When our loved ones die,
When all of the crazy changes happen in life—despite our following the directions and following the rules.
I think of our reading for today, out of the book of Acts. The interaction between the disciples and the Pharisees.
The Pharisees were a group of people who liked to strictly adhere to Jewish law. They are often found in the New Testament testing Jesus on the interpretation of law.
In our text for today, they are specifically asking about following a law on circumcision to Peter and Barnabas.
The Pharisees state that in order to be saved, this law must be followed.
And I love how preciously Peter sums up his response, it’s so well-laid out, I have to read it again:
“Peter stood up and said to them, “My brothers, you know that in the early days God made a choice among you, that I should be the one through whom the Gentiles would hear the message of the good news and become believers. 8 And God, who knows the human heart, testified to them by giving them the Holy Spirit, just as he did to us; 9 and in cleansing their hearts by faith he has made no distinction between them and us. 10 Now therefore why are you putting God to the test by placing on the neck of the disciples a yoke that neither our ancestors nor we have been able to bear? 11 On the contrary, we believe that we will be saved through the grace of the Lord Jesus, just as they will.”
Saved through the grace of the Lord Jesus.
We are not bound by the law. Christ’s love sets us free from having to strive for that type of perfection. God’s grace is perfect enough for our lives.
It’s perfect in the face of our imperfections.
God’s grace lifts us up when we are faced with situations that rock our faith—even break it; when we find ourselves, or our nation, faced with tragedy. Or even disappointments in our day to day lives.
God is with us when the paths in our lives change. When the direction we think we are going turns out to be a dead end, or an entirely different path instead.
I read a beautiful poem by author Emily Perl Kingsley that I would like to share with you this morning. Emily is a mother who is raising a child with a disability. She describes her feelings of finding out her child has a disability in the poem “Welcome to Holland” I feel like this poem can relate so well to many of us, whether we have a child or not, when our lives are changed by something out of our control. Emily writes:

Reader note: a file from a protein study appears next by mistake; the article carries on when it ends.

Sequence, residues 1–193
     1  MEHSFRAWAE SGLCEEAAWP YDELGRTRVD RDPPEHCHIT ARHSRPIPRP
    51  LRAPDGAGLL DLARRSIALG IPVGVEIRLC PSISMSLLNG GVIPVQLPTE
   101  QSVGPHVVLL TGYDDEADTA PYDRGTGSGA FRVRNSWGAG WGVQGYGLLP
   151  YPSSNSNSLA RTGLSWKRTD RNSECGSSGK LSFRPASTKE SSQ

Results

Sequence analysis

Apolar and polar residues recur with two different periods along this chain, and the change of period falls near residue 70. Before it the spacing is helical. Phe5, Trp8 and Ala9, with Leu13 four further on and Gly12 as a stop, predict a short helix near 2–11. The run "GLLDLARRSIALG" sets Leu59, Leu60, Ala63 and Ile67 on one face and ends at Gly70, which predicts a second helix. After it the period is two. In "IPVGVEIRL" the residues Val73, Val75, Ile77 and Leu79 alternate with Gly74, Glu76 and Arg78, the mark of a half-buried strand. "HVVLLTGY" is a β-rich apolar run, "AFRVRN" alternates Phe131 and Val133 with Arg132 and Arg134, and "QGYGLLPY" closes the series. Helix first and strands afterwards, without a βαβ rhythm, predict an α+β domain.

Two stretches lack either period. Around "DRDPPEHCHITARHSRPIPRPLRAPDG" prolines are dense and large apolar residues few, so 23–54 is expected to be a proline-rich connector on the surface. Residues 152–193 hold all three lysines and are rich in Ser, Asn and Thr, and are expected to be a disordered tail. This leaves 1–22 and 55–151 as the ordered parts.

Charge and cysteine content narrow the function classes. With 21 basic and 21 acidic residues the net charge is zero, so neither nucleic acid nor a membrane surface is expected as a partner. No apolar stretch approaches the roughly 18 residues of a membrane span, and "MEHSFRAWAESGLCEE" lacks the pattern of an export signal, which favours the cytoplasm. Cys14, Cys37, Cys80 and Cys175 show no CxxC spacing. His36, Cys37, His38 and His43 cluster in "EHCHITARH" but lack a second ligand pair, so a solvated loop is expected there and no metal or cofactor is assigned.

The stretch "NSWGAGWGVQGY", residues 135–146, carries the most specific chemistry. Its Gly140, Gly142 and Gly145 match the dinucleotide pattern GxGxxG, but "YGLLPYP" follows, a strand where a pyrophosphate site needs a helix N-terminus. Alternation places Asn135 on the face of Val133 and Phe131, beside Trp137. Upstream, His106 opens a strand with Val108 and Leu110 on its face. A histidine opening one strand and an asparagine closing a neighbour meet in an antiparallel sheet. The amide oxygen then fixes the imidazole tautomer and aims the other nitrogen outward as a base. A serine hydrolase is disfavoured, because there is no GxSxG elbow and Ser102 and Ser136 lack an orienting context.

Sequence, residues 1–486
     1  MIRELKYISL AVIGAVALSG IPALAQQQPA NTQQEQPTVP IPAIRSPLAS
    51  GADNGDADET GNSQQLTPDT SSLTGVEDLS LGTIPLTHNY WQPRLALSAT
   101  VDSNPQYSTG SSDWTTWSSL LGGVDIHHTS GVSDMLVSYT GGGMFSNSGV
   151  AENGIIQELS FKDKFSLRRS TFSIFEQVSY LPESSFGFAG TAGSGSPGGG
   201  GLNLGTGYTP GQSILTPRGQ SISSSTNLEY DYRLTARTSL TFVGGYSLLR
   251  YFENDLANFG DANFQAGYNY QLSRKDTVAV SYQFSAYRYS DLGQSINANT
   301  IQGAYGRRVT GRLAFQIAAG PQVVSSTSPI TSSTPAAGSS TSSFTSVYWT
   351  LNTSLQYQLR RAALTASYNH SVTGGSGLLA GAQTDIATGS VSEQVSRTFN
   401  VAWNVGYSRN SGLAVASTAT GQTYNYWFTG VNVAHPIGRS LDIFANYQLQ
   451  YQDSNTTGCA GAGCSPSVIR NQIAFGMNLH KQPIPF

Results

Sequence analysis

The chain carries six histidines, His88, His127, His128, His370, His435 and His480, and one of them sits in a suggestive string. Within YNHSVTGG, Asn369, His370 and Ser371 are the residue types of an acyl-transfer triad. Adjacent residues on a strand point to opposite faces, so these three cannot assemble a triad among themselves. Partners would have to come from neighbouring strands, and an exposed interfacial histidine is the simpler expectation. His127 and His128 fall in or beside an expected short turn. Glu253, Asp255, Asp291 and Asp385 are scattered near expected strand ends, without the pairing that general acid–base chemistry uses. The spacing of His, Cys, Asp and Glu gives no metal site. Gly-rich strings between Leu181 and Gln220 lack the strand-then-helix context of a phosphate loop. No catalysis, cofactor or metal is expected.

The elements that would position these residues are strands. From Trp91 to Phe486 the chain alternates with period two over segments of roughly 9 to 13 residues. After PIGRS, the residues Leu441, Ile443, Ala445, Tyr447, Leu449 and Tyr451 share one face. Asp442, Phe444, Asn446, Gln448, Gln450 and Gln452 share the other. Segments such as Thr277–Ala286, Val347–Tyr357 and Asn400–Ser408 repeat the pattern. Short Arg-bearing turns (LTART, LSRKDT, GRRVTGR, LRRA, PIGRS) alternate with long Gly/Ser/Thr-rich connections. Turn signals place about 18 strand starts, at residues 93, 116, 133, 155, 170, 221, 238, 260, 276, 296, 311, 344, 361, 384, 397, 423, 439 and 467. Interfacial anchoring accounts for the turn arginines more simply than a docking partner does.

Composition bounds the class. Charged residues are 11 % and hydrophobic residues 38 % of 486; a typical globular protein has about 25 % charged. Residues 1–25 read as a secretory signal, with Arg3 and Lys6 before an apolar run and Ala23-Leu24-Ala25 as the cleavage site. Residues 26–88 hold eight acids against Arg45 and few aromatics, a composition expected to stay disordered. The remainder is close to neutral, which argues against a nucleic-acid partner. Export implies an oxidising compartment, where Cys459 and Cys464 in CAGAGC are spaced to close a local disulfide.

When you’re going to have a baby, it’s like
You are planning a fabulous vacation trip—to Italy.
You buy a bunch of fancy guidebooks and make
Your wonderful plans. The Coliseum,
the gondolas in Venice.
You may learn some handy phrases in
Italian. It’s all very exciting.
After months of eager anticipation, the day
Finally arrives. You pack your bags and off
You go. Several hours later, the plane lands.
The stewardess comes in and says,
“Welcome to Holland.”
“Holland?!” you say. “What do you mean, Holland?
I signed up for Italy! I’m supposed
To be in Italy. All my life I’ve dreamed of
Going to Italy.
But there’s been a change in the flight plan.
They’ve landed in Holland and there you
The important thing is that they haven’t
Taken you to some horrible, disgusting, fithly
Place, full of pestilence, famine, and disease.
It’s just a different place.
So you must go out and buy a new
Guidebook. And you must learn a whole new
Language. And you will meet a whole new
Group of people you have never met.
It’s just a different place. It’s slower paced
Than Italy, less flashy than Italy. But after
You’ve been there for a while and you catch
Your breath, you look around and begin
To notice that Holland has windmills, Holland
Has tulips, Holland even has Rembrandts.
But everyone you know is busy coming and
Going to Italy, and they’re all bragging
About what a wonderful time they had there.
And for the rest of your life you will say,
“Yes, that’s where I was supposed to go.
That’s what I planned.”
The pain will never, ever, go away
Because the loss of that dream is a very
But if you spend your life mourning the fact
That you didn’t get to Italy, you maybe never
Be free to enjoy the very special, the very
Lovely things about Holland.
Our lives go in many directions, and things don’t always turn out as they should—even when we plan, even when we have done everything according the rules. But God is with us in each of those moments, holding our hands, reassuring us—or even grieving with us.
Sometimes, when I am feeling down and out in America, I close my eyes and picture that tiny baby I met in Nairobi Kenya. I see his button nose, his sweet big eyes, and if close my eyes tight enough—I can almost feel the curl of his hair on his soft, newborn head. And that gives me hope.